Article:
G7 meeting identifies CCS as energy security asset

Photo: European Union
Photo: European Union

Publish date: May 12, 2014

Energy security was the main point on the agenda of the G7 meeting in Rome on 5-6 May. The energy ministers of the world’s seven leading economies and the EU Commissioner for Energy agreed on a number of actions that should be taken in order to strengthen the collective energy security.

In light of the current situation in Ukraine, the group expressed extreme concern by the energy security implications of recent developments. As a result, it is “committed to initiate a systematic and enduring step change to improve energy security at national, regional and global levels”.

As regards fossil fuels, the group recognised that they will still remain an important element of our energy mix, but that “reducing emissions from fossil fuels is necessary to tackle climate change”. The Joint Statement names CCS as one of the low carbon technologies that can contribute to this goal.

European countries are relying heavily on Russian gas, which has been a main reason for their reluctance in imposing stronger sanctions on Russia, following the Kremlin’s actions towards Ukraine. The G7 meeting put forward the need for a broader energy security strategy, in a market that has become globalised and shared among energy consumers, producers and transit countries.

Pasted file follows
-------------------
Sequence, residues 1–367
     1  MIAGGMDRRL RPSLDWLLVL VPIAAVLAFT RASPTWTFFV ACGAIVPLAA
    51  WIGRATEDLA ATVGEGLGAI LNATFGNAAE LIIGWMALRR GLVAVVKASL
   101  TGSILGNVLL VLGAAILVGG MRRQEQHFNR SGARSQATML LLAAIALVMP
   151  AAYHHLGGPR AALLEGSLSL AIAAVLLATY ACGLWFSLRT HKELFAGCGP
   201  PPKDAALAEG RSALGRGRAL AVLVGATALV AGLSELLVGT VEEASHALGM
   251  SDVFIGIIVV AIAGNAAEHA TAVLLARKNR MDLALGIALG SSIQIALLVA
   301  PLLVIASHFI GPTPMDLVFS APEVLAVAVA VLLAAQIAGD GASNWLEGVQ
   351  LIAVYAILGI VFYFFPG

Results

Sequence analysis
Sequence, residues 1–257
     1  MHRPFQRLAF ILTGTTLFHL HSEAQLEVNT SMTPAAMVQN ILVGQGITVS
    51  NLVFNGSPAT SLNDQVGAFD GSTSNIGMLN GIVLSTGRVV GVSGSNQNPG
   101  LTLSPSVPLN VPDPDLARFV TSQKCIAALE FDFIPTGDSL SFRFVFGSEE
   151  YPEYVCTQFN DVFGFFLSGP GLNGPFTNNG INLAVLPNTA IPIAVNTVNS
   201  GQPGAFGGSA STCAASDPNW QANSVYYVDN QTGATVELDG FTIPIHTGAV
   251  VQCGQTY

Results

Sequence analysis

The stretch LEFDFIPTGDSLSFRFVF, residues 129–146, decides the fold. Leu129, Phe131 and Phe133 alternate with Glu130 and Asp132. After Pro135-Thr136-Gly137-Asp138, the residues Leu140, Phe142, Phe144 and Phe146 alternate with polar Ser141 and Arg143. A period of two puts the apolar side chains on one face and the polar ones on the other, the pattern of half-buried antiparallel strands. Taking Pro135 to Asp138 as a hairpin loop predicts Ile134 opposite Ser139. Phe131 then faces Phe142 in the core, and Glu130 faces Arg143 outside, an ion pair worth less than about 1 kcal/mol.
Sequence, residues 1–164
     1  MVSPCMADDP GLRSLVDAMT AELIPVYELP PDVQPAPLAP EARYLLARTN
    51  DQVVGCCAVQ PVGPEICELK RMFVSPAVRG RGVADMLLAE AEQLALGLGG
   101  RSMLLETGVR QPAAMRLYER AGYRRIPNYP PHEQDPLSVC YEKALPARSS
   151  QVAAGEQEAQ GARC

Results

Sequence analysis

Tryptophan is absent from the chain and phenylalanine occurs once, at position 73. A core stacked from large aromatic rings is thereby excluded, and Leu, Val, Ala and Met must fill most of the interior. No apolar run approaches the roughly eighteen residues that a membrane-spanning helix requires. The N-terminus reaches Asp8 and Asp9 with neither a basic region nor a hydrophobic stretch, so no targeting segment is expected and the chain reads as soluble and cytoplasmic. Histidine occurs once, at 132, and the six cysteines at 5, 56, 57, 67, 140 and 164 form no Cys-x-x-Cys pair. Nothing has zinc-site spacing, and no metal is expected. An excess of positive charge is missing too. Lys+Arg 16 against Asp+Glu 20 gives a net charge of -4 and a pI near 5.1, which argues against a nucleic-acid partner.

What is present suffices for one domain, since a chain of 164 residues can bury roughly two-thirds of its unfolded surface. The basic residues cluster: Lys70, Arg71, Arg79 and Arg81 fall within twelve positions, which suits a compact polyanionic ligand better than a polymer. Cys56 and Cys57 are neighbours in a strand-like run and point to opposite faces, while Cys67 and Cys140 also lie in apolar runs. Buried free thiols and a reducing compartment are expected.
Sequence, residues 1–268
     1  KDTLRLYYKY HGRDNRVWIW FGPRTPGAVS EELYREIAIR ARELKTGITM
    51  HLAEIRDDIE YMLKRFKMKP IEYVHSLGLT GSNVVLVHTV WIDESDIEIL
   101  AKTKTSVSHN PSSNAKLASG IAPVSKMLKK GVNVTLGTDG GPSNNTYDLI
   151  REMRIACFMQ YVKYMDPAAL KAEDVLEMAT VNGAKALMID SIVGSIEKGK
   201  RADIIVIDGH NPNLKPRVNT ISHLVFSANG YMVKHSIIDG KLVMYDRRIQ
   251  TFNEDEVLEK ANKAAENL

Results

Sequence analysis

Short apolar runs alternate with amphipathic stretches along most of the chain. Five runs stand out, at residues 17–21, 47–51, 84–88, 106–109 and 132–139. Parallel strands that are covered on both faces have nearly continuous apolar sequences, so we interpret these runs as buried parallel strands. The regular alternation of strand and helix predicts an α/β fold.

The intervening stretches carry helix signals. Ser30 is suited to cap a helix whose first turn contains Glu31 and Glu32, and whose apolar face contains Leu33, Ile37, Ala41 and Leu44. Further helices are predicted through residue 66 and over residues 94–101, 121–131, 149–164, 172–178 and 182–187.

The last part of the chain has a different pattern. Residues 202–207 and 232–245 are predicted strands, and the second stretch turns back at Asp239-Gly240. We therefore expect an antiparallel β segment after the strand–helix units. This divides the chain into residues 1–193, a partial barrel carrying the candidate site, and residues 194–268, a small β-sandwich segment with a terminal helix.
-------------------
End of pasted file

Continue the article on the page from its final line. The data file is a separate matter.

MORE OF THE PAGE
The path to energy security is built on a number of core principles, according to the group, including the reduction of greenhouse gas emissions, and accelerating the transition to a low-carbon economy, as well as the deployment of clean and sustainable energy technologies and continued investment in research and innovation.

The meeting’s conclusions are assumed to serve as a basis for further discussions at the G7 summit scheduled for 4-5 June in Brussels.

Read the complete Joint Statement from the meeting here.